• Integrated Mass Transit System Project (US$250 million), including two additional financings (Additional Financing I for US$207 million, Additional Financing II for US$300 million), and support to the National Urban Transport Program Project (US$350 million).
  • Bogotá Urban Transport Project (US$65 million).
  • Bogota Urban Services Project (US$100 million).
  • Bogota Urban Services First Additional Loan (US$30 million)

Partners

Colombia’s urban transport program has also received financing from the Inter-American Development Bank (IADB) and the Andean Development Corporation (CAF). The IADB is currently financing the BRT in Cali, and the CAF has financed Bogotá’s Transmilenio Suba corridor and will help implement Cucuta’s system.

More than 20 trust funds have complemented the Bank’s knowledge services agenda. These multi-year engagements have sought to  build the knowledge base of the central government and of the governments of Bogotá and other cities to, among others, (i) strengthen capacity for analyzing urban mobility and options to improve planning, management, operations and financial sustainability of integrated public transport systems, (ii) strengthen capacity for planning and implementing travel demand management strategies and non-motorized modes, (iii) provide how-to guidance for the implementation of possibilities to better coordinate land-use with transport demand and promote transit-oriented development, (iv) assess and revisit tariff policy issues, particularly pertaining to affordability, accessibility, and how-to guidance for the implementation of targeted public transport subsidies, and (v) mainstream issues of road safety, gender and universal accessibility in public transport.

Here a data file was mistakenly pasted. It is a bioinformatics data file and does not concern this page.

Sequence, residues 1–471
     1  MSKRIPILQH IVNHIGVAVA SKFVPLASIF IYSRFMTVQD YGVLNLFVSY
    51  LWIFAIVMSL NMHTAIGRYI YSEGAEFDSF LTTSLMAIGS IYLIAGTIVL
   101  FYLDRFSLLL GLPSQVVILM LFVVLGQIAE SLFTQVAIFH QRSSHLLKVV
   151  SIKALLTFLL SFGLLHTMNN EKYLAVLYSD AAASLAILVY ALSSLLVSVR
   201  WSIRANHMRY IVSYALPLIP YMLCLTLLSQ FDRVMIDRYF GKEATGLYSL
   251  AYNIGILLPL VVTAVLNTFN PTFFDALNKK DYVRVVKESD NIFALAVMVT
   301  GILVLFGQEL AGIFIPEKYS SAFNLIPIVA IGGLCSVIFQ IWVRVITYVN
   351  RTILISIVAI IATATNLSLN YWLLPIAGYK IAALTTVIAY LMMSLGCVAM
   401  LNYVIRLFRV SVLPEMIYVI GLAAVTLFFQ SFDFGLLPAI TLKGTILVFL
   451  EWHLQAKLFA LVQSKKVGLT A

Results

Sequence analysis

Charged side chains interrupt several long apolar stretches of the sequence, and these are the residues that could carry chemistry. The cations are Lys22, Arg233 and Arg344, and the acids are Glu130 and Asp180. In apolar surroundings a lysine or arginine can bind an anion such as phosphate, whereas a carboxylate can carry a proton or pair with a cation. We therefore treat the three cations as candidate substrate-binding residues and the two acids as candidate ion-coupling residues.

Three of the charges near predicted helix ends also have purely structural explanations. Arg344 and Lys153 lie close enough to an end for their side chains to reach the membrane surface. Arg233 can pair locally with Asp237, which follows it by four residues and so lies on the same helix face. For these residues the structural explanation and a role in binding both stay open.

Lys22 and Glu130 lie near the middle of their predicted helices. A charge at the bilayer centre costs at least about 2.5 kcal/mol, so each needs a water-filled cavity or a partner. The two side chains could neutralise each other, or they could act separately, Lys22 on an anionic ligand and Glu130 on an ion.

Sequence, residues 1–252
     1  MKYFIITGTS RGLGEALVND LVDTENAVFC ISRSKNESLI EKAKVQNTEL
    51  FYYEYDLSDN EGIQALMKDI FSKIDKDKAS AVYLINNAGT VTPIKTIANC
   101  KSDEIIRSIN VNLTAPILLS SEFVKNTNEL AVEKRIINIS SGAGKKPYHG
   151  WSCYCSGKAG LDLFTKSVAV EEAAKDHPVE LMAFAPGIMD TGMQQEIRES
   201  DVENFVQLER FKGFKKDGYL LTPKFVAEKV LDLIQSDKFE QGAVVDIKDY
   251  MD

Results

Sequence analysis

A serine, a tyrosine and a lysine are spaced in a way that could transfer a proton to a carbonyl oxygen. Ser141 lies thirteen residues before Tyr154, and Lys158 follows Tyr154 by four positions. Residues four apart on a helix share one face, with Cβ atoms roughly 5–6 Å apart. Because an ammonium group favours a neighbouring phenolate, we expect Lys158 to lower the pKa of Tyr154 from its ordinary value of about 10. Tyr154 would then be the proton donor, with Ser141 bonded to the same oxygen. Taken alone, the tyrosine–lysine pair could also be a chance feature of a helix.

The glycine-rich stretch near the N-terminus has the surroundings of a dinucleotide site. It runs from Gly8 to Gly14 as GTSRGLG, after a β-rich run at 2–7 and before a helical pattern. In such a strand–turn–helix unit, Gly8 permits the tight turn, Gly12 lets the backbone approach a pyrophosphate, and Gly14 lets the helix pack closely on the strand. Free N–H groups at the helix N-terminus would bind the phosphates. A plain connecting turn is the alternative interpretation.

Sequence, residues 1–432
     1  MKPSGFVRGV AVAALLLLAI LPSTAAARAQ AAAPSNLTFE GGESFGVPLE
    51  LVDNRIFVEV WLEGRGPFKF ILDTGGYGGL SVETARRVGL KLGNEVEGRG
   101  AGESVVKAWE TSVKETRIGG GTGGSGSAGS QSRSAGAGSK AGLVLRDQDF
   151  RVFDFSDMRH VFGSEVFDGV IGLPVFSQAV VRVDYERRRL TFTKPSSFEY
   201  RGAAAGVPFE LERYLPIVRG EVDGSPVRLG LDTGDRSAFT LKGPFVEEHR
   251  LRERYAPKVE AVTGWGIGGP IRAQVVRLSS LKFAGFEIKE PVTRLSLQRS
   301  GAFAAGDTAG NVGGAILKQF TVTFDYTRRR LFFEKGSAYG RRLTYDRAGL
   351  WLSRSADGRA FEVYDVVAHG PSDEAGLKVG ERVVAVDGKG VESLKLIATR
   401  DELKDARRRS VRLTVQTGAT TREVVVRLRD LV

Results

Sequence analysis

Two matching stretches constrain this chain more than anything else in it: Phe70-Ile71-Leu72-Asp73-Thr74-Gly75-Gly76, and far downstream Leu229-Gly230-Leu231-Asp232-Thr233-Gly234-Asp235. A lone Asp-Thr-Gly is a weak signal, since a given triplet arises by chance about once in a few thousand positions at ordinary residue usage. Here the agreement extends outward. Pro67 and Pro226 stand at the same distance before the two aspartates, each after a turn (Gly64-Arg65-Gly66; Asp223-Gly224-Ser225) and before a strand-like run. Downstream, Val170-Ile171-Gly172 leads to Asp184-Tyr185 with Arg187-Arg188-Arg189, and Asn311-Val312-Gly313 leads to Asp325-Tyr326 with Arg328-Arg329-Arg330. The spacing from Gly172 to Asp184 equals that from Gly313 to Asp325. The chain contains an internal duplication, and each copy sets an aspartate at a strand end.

Moving Forward

Challenges remain to consolidate the sustainable urban mobility policy that Colombia embarked on more than a decade ago. The most pressing concern is the need to move forward with the full integration of public transport systems, since amidst the new systems, traditional public transport buses still operate. As cities move towards this full integration of public transport services, issues of accessibility and affordability become crucial to guarantee that the most vulnerable population is served. Furthermore, in an era of unprecedented urbanization and motorization, demand management schemes become crucial policy considerations, so that auto users actually pay for the costs they impose on society. The Bank will continue to support this agenda by mobilizing its financial, knowledge, and convening services to work towards more livable, green and inclusive Colombian cities.

Beneficiaries

According to the latest data, riding Bogotá’s Transmilenio results in average time savings of 32 percent (20 minutes) per trip compared to the traditional bus system. This represents a savings of more than 10 hours per month for the average rider. Transmilenio has also been able to abate 1.9 million tons of carbon dioxide equivalent between 2001 and 2010. The system has scrapped more than 2,100 old buses since its inception; decreased accident rates by 90 percent in the corridors where the system operates; and reduced noise levels by 3-10 decibels.

“I was a bus driver for 13 years, but I’ve worked the last five months as a bus operator. Before that, my job was very stressful, especially because the work day was very long. I complied with the owner’s passenger limit and, and after 310 passengers, the profits belonged to me. I made sacrifices to get them. Now, my life has changed 100% because I work for three hours, rest for one, and then I continue until I complete eight working hours. I have time for myself, my family, to go to the doctor, to study. Also, society now views me in a different light, and no longer looks down on me as before. Now I have goals set for myself: owning a house and having a well-established family.” John Jairo Mina Vidal. Bus Operator (Taken from the book Transport on a Human Scale. The World Bank)

 


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5
of the six Bank-financed Bus Rapid Transit systems are operating, as of end of 2012.